One of the reasons that NASA’s space shuttle program was immediately successful was the utilization of their older spacecrafts. In 1977 Voyager 1 and Voyager 2, two unmanned spacecrafts, were launched into outer space to gather images of planets, their moons, and beyond. As a precaution to anything the shuttle found, the Voyager 2 was equipped with a phonographic record that contained greetings in 55 different languages, sounds, and images that were meant to portray life on Earth.
The legacy of these NASA missions has shaped the way the entire world views space travel. The memory of these important expeditions have also luckily been captured on these pins that have survived decades, and will continue to educate the public.
Along with being a custom button manufacturer, Busy Beaver is also the home to the world’s only Button Museum— the display cases filled with historical pins line the walls of our office. The Button Museum, a certified 501(c)(3) organization, was created to show how people have used wearable items to chronicle significant events throughout time.
Being one of Chicago’s unusual museums, we understand the importance of spreading awareness of our institute to as many people as possible. We heard from three interesting museums that share this sentiment: The Pizza Museum, Brewseum, and the Chicago Design Museum. They all speak about how their idea for the local museums came to be and how they found the home.US Pizza Museum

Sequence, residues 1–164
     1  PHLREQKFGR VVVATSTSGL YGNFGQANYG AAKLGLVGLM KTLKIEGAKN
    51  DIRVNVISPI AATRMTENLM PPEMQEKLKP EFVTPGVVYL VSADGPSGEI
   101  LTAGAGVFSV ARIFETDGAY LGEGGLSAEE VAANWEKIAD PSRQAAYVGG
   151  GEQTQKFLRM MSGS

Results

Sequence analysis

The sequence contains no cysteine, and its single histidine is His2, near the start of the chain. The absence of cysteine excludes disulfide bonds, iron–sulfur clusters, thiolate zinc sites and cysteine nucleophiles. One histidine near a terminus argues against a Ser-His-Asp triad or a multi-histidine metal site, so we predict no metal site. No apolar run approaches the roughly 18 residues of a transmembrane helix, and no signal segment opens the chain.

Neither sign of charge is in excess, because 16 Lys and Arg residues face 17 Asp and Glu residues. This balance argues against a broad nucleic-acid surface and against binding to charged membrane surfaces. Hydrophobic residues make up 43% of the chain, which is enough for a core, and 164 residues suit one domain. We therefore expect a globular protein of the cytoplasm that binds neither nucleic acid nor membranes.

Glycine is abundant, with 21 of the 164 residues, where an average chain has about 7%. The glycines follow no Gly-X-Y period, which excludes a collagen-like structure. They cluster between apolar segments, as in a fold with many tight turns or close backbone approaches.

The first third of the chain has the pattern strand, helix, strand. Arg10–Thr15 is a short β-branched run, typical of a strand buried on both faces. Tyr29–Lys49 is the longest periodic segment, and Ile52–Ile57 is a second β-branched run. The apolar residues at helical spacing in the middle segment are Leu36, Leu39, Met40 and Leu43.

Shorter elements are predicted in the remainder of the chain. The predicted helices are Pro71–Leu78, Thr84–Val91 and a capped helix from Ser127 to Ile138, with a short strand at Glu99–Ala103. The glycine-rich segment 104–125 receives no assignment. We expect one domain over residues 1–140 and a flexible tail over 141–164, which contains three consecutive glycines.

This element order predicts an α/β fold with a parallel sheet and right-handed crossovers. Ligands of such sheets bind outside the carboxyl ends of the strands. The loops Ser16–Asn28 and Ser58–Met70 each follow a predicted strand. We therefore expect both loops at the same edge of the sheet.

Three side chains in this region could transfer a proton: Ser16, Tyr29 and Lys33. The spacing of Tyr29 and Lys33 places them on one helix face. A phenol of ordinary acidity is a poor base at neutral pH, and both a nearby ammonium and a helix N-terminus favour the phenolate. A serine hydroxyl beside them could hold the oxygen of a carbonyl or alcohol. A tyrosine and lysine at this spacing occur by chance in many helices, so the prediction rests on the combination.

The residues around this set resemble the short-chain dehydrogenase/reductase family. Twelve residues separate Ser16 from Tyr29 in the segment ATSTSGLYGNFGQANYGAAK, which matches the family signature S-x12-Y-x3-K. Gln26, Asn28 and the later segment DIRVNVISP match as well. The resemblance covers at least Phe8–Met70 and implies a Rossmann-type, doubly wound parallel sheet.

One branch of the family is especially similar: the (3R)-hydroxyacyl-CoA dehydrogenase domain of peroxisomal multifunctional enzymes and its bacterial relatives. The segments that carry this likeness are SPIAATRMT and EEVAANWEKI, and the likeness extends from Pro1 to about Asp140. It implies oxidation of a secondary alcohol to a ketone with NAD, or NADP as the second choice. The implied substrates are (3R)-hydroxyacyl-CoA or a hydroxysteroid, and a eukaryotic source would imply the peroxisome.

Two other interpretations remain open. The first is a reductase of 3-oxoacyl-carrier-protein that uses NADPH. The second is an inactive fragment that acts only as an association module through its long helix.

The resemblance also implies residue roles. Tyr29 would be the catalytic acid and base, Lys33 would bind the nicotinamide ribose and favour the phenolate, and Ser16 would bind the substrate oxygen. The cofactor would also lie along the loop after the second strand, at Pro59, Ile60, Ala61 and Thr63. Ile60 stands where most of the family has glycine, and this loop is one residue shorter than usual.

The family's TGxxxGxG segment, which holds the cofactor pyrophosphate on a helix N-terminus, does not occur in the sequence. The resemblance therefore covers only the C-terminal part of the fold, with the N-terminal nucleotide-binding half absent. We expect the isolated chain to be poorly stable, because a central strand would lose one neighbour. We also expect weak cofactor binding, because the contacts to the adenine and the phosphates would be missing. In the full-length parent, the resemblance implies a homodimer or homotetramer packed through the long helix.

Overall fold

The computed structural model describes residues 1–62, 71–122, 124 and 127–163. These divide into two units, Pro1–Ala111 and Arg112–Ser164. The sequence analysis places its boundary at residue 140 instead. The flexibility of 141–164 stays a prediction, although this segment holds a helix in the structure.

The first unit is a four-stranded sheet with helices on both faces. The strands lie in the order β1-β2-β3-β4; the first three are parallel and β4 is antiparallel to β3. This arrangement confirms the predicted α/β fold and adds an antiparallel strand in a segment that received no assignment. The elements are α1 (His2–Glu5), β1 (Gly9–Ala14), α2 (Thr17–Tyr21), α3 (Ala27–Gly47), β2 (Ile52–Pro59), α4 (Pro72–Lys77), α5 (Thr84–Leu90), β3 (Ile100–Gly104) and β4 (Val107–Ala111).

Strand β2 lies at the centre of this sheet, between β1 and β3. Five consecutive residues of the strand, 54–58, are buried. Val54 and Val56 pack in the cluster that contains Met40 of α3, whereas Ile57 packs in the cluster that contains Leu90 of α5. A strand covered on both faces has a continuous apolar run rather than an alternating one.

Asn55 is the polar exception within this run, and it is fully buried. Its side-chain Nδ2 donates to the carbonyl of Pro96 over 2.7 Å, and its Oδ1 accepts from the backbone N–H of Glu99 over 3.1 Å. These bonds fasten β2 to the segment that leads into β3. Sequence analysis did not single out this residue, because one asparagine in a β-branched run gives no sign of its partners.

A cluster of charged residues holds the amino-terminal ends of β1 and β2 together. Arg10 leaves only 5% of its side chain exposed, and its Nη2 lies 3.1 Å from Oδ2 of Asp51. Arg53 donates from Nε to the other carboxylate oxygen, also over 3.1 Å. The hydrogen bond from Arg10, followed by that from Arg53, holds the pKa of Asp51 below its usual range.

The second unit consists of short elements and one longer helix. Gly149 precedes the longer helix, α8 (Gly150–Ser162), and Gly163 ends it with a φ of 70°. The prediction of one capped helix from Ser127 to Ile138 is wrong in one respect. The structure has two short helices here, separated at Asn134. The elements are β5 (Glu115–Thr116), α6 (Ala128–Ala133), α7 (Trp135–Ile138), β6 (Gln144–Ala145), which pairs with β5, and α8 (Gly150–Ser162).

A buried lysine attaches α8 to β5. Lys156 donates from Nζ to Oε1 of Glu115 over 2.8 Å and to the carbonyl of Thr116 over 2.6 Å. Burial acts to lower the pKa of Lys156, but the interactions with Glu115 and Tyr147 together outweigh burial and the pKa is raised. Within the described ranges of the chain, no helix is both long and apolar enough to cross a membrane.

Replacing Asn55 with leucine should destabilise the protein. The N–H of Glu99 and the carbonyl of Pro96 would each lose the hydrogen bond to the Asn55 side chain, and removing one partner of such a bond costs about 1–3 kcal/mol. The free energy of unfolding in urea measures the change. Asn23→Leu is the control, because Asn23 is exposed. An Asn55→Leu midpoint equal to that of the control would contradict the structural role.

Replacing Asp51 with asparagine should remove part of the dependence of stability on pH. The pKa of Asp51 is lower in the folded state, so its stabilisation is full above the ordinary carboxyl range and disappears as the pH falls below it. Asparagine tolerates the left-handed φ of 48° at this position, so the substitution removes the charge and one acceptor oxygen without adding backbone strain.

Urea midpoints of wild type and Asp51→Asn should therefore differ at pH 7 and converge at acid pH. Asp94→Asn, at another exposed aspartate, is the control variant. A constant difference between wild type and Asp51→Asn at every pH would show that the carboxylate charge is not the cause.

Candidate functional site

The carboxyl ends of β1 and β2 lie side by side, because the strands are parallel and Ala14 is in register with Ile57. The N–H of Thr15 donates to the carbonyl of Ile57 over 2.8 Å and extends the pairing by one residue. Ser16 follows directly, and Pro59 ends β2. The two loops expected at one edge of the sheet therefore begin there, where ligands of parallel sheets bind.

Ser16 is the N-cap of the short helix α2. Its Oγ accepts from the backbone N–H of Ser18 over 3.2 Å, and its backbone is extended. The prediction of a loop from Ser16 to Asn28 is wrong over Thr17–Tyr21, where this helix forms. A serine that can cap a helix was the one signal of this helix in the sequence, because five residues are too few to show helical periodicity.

Kendall Bruns, the founder of the US Pizza Museum, was like most kids who start to love pizza from an early age. Her love for the ‘za grew after a trip to New York when she discovered that depending on the part of the country, the style of your pizza slice differed. The collecting portion of her passion began in 2012 when Bruns would take the menus home from the pizzerias she had tried. Fast forward a few years later, and after initially being a pop-up exhibit that opened in October of 2016, Paulie Gee’s in Logan Square is the official home of the US Pizza Museum.
Does the location of the museum influence the variety of people who visit?
Paulie has a policy of having his staff wear hats and t-shirts promoting other pizzerias in all of their locations so it’s a good marriage. I like the idea that diners who don’t know about the U.S. Pizza Museum are getting an unexpected surprise in addition to the great pizza they’re enjoying.
I’ve noticed the Pizza Museum appearing at local events like the Pizza Summit—why is it important to showcase the collection past the walls of the museum?
You have to go where the people are! Some people might not think that they like museums or don’t quite get what a pizza museum might be but are into once they see it. The Pizza Summit events are filled with pizza enthusiasts so it’s a no-brainer. Most of the other events that we’re organized or participated in have been at pizzerias. I love the idea of displaying the collection in context that also allows people to eat pizza because it’s exactly what people want to do after looking at a bunch of pizza stuff.